Magnolia acuminata (L.) L.

  • Family: Magnoliaceae
  • Common names: cucumber tree, cucumber magnolia
  • Synonym: M. cordata, Tulipastrum cordatum, T. acuminatum

    Tree to 18 m (60 ft) tall and 30 cm (12 in) diameter, with a narrow dense crown. Bark dark brown, divided into narrow scaly forking ridges. Twigs thick, brown or gray, becoming glabrous. Buds large (especially the end bud), oblong, soft-hairy. Leaves alternate, elliptical to ovate, 12-25 cm (5-10 in) long and 7.5-15 cm (3-6 in) wide, entire, acuminate, green and glabrous above, pale green and usually soft-hairy below. Flowers single at ends of twigs, bell-shaped, 6-9 cm (2.4-3.5 in) wide, with 6 greenish-yellow or yellow petals, blooming in Spring. Fruits conelike, oblong, 6-7.5 cm (2.4-3 in) long, composed of numerous follicles that split open in the late Summer to release two seeds.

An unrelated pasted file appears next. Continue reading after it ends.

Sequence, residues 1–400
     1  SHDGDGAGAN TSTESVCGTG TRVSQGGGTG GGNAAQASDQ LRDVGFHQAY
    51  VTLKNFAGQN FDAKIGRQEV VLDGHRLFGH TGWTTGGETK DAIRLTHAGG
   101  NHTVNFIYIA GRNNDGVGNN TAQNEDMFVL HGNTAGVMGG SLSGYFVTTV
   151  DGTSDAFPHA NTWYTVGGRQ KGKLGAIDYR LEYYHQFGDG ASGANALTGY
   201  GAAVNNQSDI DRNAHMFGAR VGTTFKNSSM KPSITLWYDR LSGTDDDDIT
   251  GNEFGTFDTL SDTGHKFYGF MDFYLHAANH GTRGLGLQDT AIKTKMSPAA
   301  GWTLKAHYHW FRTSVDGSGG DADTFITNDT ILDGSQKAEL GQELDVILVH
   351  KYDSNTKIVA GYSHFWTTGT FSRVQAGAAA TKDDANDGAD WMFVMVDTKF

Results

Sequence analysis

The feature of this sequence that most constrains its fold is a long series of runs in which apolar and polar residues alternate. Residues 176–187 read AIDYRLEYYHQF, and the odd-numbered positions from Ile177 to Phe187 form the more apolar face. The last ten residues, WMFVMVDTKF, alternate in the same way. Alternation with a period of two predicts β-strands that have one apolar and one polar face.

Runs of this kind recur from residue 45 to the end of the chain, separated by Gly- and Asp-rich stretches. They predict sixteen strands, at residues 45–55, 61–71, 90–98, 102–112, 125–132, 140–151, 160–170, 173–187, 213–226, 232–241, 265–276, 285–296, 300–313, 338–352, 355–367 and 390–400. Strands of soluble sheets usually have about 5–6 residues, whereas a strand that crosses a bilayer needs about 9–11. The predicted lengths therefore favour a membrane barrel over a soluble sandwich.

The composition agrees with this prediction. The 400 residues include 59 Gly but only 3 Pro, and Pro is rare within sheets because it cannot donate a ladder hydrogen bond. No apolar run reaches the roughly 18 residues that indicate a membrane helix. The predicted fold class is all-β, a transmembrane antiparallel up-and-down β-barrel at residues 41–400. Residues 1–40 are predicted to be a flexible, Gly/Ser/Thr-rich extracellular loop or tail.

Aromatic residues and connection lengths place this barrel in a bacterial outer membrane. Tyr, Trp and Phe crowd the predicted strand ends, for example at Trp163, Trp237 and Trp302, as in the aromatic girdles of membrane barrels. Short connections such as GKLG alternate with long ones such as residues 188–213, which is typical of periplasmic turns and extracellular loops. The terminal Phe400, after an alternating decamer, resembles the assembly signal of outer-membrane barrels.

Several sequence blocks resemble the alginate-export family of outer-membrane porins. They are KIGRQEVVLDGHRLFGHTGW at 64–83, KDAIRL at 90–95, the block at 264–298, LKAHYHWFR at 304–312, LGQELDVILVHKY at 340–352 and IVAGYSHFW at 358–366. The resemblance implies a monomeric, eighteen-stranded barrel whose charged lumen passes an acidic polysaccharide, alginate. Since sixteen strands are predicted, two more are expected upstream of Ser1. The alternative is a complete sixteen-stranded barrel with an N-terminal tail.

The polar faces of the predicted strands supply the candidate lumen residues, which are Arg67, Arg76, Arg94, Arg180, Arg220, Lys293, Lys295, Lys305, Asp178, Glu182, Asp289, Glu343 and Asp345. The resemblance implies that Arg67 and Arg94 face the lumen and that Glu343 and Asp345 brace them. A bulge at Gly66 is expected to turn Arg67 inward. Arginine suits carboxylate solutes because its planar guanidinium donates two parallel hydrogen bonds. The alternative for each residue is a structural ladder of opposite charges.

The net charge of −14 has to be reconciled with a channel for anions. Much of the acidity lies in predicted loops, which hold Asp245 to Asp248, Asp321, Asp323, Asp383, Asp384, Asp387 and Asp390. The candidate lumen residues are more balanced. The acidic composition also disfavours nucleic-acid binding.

Distribution: Found in scattered locations throughout the Appalachians, Ozarks, and Ouachitas.
    Habitat: Moist upland oak-hickory forests. In the Ouachitas, it is usually found only on the upper north slopes of the highest mountains.
    NWI status: none
    Comment: Although the fruits are bitter, they are said to have been used in the past to flavor whiskey. Magnolia honors the French botanist and horticulturist Pierre Magnol; acuminata refers to the long-pointed leaf tips.

    Distribution in Oklahoma:

    Last update: 9/14/99
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